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You Can Do It Too
Published:
3/26/2014 4:59:07 PM

By Hakim Abdul-Ali


Life is full of challenges for all ihabitants of the globe. That’s a statement very of us will argue with. With that pragmatic scenario being an unquestioned given I’d like to speak today about a “hue-man” being, who, in my view, exhibits what believing in yourself is all about. He’s a powerful example of succeeding against all odds.

His name is Gabe Sonnier and he’s an African-American from Port Barre, Louisiana. The brother’s story is one of inspiration and uplift and I thought I’d share it with you because, if read carefully, it could be a motivation for you and others to reach their dreams and desires in life.

Mr. Sonnier is a first year elementary school principal in Louisana and that on surface value may not seem like a big deal. The story behind how he got there is one that will arouse any soulful “hue-man’s” belief in miracles.

Before I get too far ahead of myself, first let me inform you that I was made aware of this amazing “hue-man” when watching a past segment on CBS’ Sunday Morning show. On the show the reporter for the show featured Mr. Sonnier and his rise to the position of administrative leadership at the Port Barre Elementary School.

The show talked of how this energetic Black got there in his employment climb. You see, Mr. Sonnier statrted out as a janitor in the very school where now is the head man thirty-years-ago.

Mr. Sonnier related how his first office at the school was the small and cramped custodian’s room. He spoke of how the then school’s principal, Wesley Jones, told him he should be grading papers instead of picking them up. Mr. Jones encouraged him to dream that he could be more than a janitor, if he so desired, but it was going to take work along with his desire to become a certified teacher. At the age of 39 Mr. Sonnier began his academic climb, never looking back.

This animated and cheerful Black man with a contagious smile wanted to be a schoolteacher and after enrolling in college, he finally got his degree and started teaching, yes, at the very school where he was the custodian. It was a struggle but he believed in himself, just as the former principal believed in and encouraged him to believe in himself and to reach for his dreams.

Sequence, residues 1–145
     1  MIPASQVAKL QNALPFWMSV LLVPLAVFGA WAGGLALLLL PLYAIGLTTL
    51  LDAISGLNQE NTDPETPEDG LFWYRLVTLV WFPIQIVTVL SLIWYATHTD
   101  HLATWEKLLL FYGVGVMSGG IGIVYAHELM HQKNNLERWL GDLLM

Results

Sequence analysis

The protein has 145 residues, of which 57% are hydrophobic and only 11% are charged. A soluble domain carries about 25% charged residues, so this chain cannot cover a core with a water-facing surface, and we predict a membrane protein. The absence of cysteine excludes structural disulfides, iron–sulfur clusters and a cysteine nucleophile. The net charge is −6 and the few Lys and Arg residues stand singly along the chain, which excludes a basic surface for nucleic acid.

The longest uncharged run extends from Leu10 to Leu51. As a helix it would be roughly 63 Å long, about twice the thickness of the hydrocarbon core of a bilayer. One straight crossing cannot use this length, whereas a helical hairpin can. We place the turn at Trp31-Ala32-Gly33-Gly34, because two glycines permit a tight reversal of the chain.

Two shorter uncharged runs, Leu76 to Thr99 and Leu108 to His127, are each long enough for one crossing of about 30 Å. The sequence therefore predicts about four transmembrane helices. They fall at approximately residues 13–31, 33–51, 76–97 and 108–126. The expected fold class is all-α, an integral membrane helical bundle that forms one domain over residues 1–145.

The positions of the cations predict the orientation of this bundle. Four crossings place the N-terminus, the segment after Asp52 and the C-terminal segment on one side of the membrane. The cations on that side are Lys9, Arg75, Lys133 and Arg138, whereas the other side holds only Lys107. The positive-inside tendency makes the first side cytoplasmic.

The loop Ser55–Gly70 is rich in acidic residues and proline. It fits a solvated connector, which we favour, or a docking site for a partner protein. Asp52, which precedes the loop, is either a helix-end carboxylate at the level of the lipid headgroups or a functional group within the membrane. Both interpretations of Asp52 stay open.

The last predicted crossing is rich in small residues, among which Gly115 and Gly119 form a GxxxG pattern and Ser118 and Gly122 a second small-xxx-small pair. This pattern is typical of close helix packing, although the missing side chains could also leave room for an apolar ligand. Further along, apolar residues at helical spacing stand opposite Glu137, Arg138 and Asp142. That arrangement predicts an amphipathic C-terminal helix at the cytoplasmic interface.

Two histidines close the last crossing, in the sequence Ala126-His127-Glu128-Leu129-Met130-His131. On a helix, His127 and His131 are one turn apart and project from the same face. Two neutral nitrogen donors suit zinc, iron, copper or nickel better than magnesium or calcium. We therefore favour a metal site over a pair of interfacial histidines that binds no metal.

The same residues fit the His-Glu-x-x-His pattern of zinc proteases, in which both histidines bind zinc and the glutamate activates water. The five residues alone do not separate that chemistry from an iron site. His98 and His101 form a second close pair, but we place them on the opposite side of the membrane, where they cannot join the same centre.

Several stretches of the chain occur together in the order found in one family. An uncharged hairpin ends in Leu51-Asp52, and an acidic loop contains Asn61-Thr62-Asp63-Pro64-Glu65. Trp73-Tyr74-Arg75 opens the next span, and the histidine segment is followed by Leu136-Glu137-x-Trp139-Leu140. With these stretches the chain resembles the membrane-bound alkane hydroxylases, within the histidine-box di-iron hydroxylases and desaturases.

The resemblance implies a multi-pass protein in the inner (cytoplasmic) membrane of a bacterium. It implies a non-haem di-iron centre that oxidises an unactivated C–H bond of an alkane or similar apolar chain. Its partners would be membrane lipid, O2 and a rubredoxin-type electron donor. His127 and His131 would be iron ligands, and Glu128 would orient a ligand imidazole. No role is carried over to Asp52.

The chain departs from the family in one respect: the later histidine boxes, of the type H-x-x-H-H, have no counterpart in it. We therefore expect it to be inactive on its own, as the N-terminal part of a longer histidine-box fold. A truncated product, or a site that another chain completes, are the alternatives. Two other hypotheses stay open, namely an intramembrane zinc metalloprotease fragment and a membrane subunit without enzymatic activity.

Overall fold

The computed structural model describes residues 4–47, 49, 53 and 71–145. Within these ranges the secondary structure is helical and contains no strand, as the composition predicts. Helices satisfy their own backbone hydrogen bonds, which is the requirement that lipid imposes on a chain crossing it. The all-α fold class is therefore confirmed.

After getting his initial undergraduate degree and beginning his teaching career, he dreamed of getting a Master’s degree, which he eventually did thus preparing himself academically for his dream of becoming a principal at his school. He was appointed principal at the school this year, thus fulfilling his wildest dream.

Talk about fate.

Gabe Sonnier’s rise to overcome obstacles is nothing new to African-Americans or other ethnic “hue-mans,” who dream of and prepare themselves for their “wildest” dream positions and goals in their futuristic mind-sets. It’s said that a dream is only a vision waiting to be fulfilled if (only) the dreamer prepares himself or herself for same. It takes sweat equity to reach the apex of your aspirations.

The thing that I got from the CBS Sunday Morning’s penetrating segment about this brother of color is that you can accomplish anything, even the unimaginable, if you only put forth the effort. That’s something that lured me into the story because I was glad to see another “hue-man” accomplish his or her dreams.

While on that point, I’m thinking about how many “colored” folk in “hue-manity” do the same and on the other hand, some others fail to do so because of their own lethargic mental limitations and inner self-doubts. I hope as you read this that you’re not one of those unfortunate souls.